The trustee noticed that a notarial seal was not affixed to the insured mortgage as required by Tennessee statutes and promptly filed an adversary proceeding in the bankruptcy, seeking to avoid the mortgage as an interest in the debtors' real property under Bankruptcy Code section 544(a). This is the so-called trustee avoiding power, which permits the trustee (or a debtor-in-possession) to avoid interests in a debtor's real property that are not perfected as of commencement of bankruptcy.

The bankruptcy judge asked the Tennessee Supreme Court to decide whether omission of the notary seal would render a deed of trust null and void even though the deed of trust had been recorded. The Supreme Court said yes, holding that absence of the seal deprived the deed of trust of authentication, and in spite of being recorded it was legally ineffective.

The insured deed of trust is now certain to be avoided under section 544(a), because it will be deemed unperfected as of the date of commencement of the bankruptcy. We're preparing to reimburse the lender for any loss it may suffer from becoming an unsecured creditor in this case, plus legal expenses.

Conclusion

These stories illustrate some of the risks covered by title insurance. More importantly, they show how title insurance works on different levels for lenders: by providing experienced people to eliminate risks before closing; insuring against hidden risks that can't be detected; insuring the process of closing and perfection of the security interest; and paying legal expenses when the lender's security is threatened by a title dispute.

In other words, the stories show how title insurance works like casualty insurance for today's mortgage products and changing origination processes.

To anyone still asking, "Why title insurance?" we should also mention our experience in other countries, where we've found land conveyancing processes to be slower and more labor intensive than in the United States. By offering to insure the process, we're able to speed things up while also reducing risks.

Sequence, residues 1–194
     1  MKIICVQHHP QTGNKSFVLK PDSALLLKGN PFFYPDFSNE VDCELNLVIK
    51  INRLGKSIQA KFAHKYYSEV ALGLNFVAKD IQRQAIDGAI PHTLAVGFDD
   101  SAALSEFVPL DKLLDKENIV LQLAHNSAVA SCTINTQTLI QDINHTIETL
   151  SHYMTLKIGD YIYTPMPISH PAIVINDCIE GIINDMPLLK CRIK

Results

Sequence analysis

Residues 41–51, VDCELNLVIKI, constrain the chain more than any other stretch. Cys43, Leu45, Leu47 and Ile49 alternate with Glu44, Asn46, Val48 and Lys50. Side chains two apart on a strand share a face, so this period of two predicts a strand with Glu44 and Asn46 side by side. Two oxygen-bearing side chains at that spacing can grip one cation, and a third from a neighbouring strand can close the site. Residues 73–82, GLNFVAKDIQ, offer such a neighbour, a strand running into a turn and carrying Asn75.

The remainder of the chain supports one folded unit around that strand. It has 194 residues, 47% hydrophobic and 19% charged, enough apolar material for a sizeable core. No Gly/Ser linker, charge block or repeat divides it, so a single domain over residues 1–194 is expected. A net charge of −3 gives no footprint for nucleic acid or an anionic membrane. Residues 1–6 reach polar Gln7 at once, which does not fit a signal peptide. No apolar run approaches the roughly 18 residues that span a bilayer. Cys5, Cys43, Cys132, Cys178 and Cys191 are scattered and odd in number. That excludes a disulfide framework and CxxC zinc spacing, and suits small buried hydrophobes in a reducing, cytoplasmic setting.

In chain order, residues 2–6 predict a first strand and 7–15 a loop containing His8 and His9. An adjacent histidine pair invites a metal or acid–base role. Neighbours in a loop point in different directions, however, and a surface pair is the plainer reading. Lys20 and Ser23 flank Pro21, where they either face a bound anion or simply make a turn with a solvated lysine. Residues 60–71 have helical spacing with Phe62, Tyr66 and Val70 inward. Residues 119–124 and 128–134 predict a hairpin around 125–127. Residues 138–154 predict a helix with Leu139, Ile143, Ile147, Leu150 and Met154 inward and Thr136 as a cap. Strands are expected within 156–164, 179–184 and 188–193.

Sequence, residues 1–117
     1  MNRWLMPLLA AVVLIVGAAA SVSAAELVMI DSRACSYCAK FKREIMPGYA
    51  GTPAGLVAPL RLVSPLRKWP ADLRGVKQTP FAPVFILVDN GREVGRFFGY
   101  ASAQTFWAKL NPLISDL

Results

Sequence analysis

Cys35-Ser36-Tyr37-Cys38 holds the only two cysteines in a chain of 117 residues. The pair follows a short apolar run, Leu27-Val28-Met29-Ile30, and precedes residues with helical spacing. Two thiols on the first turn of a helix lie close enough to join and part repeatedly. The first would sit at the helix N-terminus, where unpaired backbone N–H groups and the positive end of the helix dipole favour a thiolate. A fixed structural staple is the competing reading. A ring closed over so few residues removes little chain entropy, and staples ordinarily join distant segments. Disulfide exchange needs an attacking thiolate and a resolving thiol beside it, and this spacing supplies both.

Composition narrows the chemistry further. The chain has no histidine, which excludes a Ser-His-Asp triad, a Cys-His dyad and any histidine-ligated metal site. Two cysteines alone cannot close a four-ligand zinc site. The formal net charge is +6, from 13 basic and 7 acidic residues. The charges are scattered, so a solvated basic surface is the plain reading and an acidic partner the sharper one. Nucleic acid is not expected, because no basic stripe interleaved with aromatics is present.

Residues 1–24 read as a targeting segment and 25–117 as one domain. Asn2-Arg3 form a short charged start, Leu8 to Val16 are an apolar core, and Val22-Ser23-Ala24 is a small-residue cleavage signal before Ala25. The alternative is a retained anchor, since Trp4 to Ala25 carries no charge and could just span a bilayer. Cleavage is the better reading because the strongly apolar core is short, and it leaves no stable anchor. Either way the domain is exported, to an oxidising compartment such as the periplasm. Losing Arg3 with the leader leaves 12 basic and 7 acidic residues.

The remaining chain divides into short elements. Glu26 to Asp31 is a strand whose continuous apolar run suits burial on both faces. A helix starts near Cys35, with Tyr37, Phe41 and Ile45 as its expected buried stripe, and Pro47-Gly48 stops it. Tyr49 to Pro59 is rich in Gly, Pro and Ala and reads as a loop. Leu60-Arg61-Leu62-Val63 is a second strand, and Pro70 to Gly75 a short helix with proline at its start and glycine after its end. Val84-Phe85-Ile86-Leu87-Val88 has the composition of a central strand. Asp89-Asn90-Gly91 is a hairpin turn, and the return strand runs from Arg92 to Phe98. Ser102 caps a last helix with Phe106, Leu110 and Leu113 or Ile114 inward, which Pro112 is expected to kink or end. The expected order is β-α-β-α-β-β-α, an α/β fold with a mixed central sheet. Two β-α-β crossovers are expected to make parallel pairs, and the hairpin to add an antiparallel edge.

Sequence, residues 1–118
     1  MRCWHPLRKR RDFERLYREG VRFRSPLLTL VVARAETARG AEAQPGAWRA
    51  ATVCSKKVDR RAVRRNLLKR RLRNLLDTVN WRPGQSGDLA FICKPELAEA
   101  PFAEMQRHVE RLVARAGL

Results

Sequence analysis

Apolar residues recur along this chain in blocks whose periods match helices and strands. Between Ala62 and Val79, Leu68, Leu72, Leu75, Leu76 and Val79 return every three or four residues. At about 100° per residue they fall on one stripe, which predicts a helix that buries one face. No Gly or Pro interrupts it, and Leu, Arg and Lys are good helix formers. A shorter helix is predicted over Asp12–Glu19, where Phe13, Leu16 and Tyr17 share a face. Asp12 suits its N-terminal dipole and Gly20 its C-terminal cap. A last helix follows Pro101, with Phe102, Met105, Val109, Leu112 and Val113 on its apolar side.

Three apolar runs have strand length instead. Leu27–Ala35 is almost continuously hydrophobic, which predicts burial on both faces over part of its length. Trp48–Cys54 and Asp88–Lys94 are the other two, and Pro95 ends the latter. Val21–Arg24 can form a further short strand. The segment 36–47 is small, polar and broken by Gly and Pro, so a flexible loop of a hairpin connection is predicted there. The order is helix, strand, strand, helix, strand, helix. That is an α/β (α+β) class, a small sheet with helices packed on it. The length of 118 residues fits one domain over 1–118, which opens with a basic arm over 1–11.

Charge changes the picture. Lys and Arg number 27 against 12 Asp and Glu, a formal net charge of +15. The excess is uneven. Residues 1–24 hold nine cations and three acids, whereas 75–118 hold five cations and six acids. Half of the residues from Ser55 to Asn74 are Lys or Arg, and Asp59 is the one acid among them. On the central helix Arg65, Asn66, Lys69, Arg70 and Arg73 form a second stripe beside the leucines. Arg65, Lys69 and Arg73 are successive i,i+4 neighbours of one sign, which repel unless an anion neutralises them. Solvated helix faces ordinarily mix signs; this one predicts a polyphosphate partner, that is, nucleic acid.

In Canada, for example, First American began offering title insurance in 1991. With insured transactions, we reduce the time from loan application to closing by 90 percent and the overall costs to the consumer by 60 percent. Likewise in the United Kingdom, where for insured transactions we offer to reduce the period between application and closing from six to 12 weeks down to six to 12 days.

The U.S. system is the envy of other countries worldwide. It has benefited from stable land titles as well as expedited processes and savings made possible by title insurance for more than 100 years. We're excited about the future and look forward to working with mortgage bankers to achieve faster, better, cheaper mortgage originations.

Albert Rush is senior vice president and national counsel for First American Title Insurance Company in Santa Ana, California.
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Author:RUSH, ALBERT
Publication:Mortgage Banking
Geographic Code:1USA
Date:Aug 1, 2000